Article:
Recently I received a little present at my doorstep: a brand-spankin’-new copy of the yellow pages.
Now, 15 years ago, this would have been rather useful. I would have been happy to receive the latest copy with all the updated contact info for the local business. However, in year 2013, I really don’t know what do with these pounds of paper. Maybe use it as a doorstop? Or keep around for next bonfire on the beach? I could also just ignore it and leave it there for a few weeks like some of my neighbors did..
I went for the “environmental” choice, and just dropped it into a recycle bin. What a waste of paper, and labor & energy to make it and distribute it.
Anyway, this got me thinking – could I report this as an instance of littering? Going by the book (or Wikipedia to be exact), “Litter consists of waste products that have been disposed improperly, without consent, in an inappropriate location.” Maybe I’m stretching the definition here.. but to me that pile of paper was no different than someone dumping a bag of garbage at my door.. In fact, the delivery man rang me, asking to be let into the apartment complex.. and I politely declined, stating that I do not need a phone book.
Anyway, I just wish marketers and the like stopped wasting paper on advertising (which the phone book really is) that just ends up in a trash can.
With any new technology, there are always new and interesting legal issues, and the Smart Grid is no different.
I was reading an article about the Ojai council wanting to ban the smart meters in the city. What I found interesting is the ban part. In my previous reading on this topic, it was usually about folks wanting to opt-out of the Smart Meter program. The latter issue was essentially settled by the California Public Utilities Commission (CPUC) which recently ruled that customer may opt out, however that they’d have to pay an initial fee of $75, and another $10 per month to keep their old meter.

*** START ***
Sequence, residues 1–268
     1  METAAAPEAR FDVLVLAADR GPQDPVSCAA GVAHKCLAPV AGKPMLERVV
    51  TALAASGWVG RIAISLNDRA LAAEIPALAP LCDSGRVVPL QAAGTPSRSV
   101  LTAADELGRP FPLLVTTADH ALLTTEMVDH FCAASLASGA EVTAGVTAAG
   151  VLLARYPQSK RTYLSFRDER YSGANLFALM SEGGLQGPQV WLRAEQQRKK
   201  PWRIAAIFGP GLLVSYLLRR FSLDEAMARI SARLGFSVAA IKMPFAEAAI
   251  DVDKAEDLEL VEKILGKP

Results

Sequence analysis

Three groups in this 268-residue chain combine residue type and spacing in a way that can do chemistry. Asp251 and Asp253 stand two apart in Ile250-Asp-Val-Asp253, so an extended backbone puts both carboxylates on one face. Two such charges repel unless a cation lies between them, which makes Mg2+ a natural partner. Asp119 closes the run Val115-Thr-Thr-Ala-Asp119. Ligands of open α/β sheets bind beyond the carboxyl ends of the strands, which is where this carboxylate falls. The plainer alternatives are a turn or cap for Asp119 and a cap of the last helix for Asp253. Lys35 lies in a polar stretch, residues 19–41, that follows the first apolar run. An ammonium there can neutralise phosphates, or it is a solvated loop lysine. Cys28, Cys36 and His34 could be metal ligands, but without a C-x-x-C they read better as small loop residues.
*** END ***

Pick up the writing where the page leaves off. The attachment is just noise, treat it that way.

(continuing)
First issue is whether the City has any legal standing to enforce such a ban in first place, as this is a matter regulated by the State of California through the CPUC. Maybe this is a clear-cut issue one way or the other, but I’m not a lawyer so it’s an open question to me. For example, I know that a city cannot ban a utility from putting transmission wires in, so there are definitely areas where a city has it’s hands tied.
Second issue is the impact on folks that are happy to have the smart meters installed, and are looking forward to having more energy usage information at their fingertips. Not only would they be prevented from having the new meters, but they would likely be forced to pay extra fees for not having something that they actually do want! I can see a lawsuit or a recall campaign if this were to happen!
I’m actually really puzzled by this ban, especially since the CPUC has come up with what seems like a fair compromise…